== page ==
In CBC v. Canada (Attorney General), 2011 SCC 2, the Supreme Court of Canada said:
The open court principle is of crucial importance in a democratic society. It ensures that citizens have access to the courts and can, as a result, comment on how the courts operate and on proceedings that take place in them. Public access to the courts also guarantees the integrity of judicial processes inasmuch as the transparency that flows from access ensures that justice is rendered in a manner that is not arbitrary, but is in accordance with the rule of law.
Because few members of the public are able to attend court in person, members of the media play an important role in our democratic system by informing the public about what takes place in court.
The following information is offered by the Provincial Court of B.C. to assist the media to perform that role.
- Public and Media Access Policies - The Principles of Openness
- Access to Court Proceedings (includes conduct, cameras, televising, computers, reasons for judgment, interviews)
- Access to Court Records (who has access to which types of court records)
- Bans on Publication (provides overview and lists of some automatic and discretionary bans)
- Use of Electronic Devices in Courtrooms (use of any device capable of transmitting and/or recording data or audio)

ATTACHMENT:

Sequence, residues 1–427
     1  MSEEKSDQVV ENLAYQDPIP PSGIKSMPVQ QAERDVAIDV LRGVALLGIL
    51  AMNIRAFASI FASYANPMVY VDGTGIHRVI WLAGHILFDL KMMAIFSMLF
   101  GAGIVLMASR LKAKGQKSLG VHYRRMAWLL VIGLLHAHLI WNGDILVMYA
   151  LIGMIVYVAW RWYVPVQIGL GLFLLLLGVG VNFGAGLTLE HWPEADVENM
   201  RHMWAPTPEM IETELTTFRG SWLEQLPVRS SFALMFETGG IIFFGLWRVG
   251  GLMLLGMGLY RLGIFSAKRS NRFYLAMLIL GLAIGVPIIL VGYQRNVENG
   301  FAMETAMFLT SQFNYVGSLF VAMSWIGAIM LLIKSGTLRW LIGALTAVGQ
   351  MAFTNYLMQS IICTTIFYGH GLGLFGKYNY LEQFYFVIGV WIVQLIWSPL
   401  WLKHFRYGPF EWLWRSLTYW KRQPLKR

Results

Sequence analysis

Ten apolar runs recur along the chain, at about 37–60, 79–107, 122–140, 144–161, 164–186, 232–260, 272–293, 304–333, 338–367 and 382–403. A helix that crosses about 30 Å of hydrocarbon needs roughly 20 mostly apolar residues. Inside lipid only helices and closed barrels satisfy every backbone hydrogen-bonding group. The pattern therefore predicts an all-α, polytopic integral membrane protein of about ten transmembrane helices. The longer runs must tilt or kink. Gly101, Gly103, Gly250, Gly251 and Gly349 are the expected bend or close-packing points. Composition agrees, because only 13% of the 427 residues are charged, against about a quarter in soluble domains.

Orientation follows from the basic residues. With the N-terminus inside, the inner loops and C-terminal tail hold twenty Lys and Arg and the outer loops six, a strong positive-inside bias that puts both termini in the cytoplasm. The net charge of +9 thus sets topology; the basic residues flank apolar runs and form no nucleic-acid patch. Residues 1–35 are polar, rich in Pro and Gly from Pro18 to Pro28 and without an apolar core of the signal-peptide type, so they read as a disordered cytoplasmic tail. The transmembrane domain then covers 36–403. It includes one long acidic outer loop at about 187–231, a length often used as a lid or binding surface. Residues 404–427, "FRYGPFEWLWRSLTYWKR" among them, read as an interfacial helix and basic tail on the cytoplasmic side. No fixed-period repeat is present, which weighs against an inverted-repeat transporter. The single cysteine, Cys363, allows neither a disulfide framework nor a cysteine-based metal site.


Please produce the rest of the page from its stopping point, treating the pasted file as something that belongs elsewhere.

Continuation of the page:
- BC Provincial Court Locations and Hours
Journalists wishing to obtain B.C. Courts’ accreditation should see the Media Accreditation Policy.
For written or high profile oral judgments see Judgments & Decisions. To receive an RSS feed of all B.C. Provincial Court decisions posted on the Canadian Legal Information Institute database (CanLII), use the URL: https://www.canlii.org/en/bc/bcpc/rss_new.xml.
For reports on judicial interim release matters dealt with by the Justice Centre during the preceding day (subject to the conditions outlined at this linked page) see Justice Centre Daily Judicial Interim Release Results.
If you wish to obtain a transcript of court proceedings, contact the court registry where the hearing was held. They can provide contact information for the company or individual who prepares transcripts for that registry. To order a transcript you will need to know the court location, date and file number.
Information on publications bans, contempt, defamation, and factors to consider when making decisions about what to report can be found in the Canadian Judicial Council publication
The Canadian Judicial System and the Media. Because it is a 2010 publication, references to particular statute sections and court decisions will need to be updated, but the overview the document provides may be useful.
The Provincial Court has partnered with journalists to offer an education programme for journalism students at B.C. colleges and universities. A judge and journalist visit classes to discuss the court system and the rule of law from both perspectives. The written materials prepared for this programme are available at Journalism Students Education Programme.
Please contact the Legal Officer, Provincial Court of B.C., with media enquiries at 604-660-2864, or email email@example.com with your enquiry and indicate any deadline you may have.